http://www.sj-r.com/local/x871170515/County-board-to-debate-new-wind-turbine-proposal

County board to debate new wind turbine proposal

Posted Nov 15, 2012 @ 09:08 PM

The Sangamon County Board has scheduled a special meeting Monday to look at changes to county wind turbine rules that would increase the minimum distance between a turbine and a house.

The board imposed a moratorium on wind turbines in January so it could revamp its zoning rules. The turbines use wind energy to generate electricity.

The county now requires a large wind turbine to be at least 1,000 feet or three times the diameter of the rotors, whichever is greater, from a house. The setback from the property line must be at least 1,200 feet.

While no wind farm proposals are before the county board, Springfield Project Development, a joint development between American Wind Energy Management and Oak Creek Energy Systems, is planning a wind farm in western Sangamon County.

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I would say, go there and read like I usually do but. More tomorrow.

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I forgot to give this website credit for yesterday’s post. That is a small journalistic boo boo and I will clear that up now.

http://www.wind-works.org/

What Can Be Found on This Site

This site contains information about my books, an archive of my articles, and descriptions of my workshops on wind energy and Advanced Renewable Tariffs. This site also contains an extensive collection of articles and technical reports on electricity feed laws or renewable energy tariffs. I’ve been an outspoken proponent of feed laws since the late 1990s when I urged the American Wind Energy Association to call for them nationally.

Photography

My photos are stocked by Still Pictures in London. For more on my photography and for photo tours of several wind farms as well as a sampling of wind energy icons, see the photos section of this site.

 

Small Turbine Testing

Beginning in 1997 I’ve measured the performance and noise emissions of small wind turbines at the Wulf Test Field in the Tehachapi Pass. For more information on this work, visit Wulf Test Field.

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Go there and read. More tomorrow.

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Yes it is true I am distracted by world events. But to be fair to wind power they are tearing it up in Germany.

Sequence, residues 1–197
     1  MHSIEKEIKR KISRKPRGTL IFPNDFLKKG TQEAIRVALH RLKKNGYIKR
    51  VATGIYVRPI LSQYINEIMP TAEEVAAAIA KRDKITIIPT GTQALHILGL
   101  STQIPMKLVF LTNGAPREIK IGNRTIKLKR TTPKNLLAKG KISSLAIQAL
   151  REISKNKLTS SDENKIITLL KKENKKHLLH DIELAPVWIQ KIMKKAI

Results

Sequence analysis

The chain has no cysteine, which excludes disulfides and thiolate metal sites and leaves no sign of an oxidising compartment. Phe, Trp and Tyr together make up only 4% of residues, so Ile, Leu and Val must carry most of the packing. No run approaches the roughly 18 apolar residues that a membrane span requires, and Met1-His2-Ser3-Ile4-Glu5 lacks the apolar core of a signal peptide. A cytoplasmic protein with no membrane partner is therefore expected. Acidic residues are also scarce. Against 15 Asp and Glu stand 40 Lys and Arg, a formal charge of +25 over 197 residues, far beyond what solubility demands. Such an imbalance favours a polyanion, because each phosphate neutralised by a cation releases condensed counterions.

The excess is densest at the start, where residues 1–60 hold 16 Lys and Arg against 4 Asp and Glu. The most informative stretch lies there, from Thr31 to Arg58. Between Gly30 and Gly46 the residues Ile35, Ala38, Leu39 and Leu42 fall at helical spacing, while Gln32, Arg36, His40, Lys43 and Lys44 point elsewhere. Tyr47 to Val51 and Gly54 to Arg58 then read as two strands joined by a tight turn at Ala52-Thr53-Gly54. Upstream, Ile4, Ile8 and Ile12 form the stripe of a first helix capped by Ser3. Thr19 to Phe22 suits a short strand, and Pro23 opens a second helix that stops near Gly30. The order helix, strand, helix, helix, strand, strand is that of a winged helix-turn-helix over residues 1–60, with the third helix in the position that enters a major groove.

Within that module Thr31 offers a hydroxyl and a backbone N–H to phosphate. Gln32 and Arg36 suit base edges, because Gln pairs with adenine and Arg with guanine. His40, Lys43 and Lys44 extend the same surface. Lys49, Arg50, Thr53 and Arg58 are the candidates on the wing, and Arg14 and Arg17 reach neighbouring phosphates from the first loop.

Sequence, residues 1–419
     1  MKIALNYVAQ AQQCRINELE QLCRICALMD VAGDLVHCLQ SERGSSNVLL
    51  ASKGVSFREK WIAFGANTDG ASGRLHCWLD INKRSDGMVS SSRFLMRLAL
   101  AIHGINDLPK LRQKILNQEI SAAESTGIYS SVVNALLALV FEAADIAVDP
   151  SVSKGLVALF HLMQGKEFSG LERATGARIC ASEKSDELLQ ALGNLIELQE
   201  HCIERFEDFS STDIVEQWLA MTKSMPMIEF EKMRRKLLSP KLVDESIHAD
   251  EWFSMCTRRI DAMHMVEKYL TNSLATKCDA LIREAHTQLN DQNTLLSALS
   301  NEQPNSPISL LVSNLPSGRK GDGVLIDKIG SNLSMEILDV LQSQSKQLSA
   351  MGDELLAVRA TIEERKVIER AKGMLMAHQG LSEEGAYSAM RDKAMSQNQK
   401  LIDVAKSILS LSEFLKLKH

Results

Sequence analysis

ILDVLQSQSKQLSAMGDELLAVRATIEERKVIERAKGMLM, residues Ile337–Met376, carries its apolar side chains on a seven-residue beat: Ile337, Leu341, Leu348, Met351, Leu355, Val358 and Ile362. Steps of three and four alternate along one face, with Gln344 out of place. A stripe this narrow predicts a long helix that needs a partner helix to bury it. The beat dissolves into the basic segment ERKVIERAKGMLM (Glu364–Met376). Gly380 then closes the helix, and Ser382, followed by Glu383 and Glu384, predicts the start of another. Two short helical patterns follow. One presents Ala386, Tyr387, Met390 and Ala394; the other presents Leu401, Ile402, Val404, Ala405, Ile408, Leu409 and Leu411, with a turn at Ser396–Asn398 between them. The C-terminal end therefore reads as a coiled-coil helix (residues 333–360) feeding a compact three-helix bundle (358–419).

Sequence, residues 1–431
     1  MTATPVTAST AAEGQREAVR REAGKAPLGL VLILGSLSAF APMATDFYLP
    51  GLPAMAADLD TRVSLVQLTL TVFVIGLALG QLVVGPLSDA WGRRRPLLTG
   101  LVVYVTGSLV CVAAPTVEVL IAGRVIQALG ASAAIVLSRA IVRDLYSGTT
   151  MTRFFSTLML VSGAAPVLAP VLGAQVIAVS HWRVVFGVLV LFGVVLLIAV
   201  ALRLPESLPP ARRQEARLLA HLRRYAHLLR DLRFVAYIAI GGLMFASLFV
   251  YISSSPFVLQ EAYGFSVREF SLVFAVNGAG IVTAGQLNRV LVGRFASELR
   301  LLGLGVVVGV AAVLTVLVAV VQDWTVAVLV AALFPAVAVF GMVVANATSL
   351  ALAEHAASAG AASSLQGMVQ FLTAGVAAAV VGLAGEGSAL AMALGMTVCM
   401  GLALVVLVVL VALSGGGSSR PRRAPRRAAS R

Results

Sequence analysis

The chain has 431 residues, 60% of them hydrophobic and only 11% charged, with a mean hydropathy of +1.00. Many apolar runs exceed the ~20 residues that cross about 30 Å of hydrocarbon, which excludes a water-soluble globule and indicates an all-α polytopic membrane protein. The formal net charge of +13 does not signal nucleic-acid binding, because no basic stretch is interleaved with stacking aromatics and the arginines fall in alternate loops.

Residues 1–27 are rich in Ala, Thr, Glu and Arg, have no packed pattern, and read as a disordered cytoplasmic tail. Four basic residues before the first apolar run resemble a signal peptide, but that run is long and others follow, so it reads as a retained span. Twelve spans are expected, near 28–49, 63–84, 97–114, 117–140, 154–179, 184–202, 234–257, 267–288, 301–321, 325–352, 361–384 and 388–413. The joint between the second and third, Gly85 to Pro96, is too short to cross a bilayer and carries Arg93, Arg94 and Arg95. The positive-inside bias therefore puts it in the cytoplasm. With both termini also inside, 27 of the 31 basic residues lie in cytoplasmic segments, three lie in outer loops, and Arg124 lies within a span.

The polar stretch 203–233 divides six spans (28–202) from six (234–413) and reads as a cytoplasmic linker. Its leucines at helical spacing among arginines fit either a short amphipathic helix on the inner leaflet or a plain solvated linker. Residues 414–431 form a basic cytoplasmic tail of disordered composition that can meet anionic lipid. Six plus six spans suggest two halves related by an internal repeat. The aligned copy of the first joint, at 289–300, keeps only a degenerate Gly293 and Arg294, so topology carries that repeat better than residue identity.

http://energy.aol.com/2012/10/08/the-green-republic-germany-s-wind-energy-boom/?a_dgi=aolshare_linkedin

The Green Republic? Germany’s Wind Energy Boom

Published: October 8, 2012

The German wind industry sits at the heart of a European energy market preparing for a disruptive transformation intended to promote integration and allow the rich wind resource of the North to fuel continent-wide growth, without the risks of nuclear power and reliance on foreign energy producers.

It is a comprehensive, ambitious vision that in Germany alone the environment minister Peter Altmaier has compared in scale to the country’s painful post-Communist reunification.

The EU is preparing to release its latest communication on an integrated energy market ahead of a goal of operational integration it has set for 2014. The energy market remains one of the rare nation-state functions that has hardly been impacted by European integration at all, despite the EU’s origins in a post-WWII agreement over the continent’s coal sector.

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Go there and read. More tomorrow.

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I do not know whether this is the way of the future. It sure claims it is.

http://peakoil.com/publicpolicy/how-to-organize-finance-and-launch-local-energy-projects/

How to Organize, Finance, and Launch Local Energy Projects

Is it possible to “relocalize” energy? This is a critical question that must be addressed if we are to achieve true global resilience.

In our brand new book (September 4, 2012), Power From the People, energy expert Greg Pahl decisively argues that the answer is YES.

Power From the People is the second book in our Community Resilience Guides series, The book illustrates how communities across the country are already generating their own energy at the local level. From citizen-owned wind turbines to co-op biofuel producers to community-wide initiatives combining multiple resources and technologies, Pahl outlines the steps necessary and plan, organize, finance and launch community energy projects.

The book showcases over 25 real-life examples of local energy projects, offering a range of challenges and solutions that can be adapted and reapplied.

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Go there and read. More tomorrow.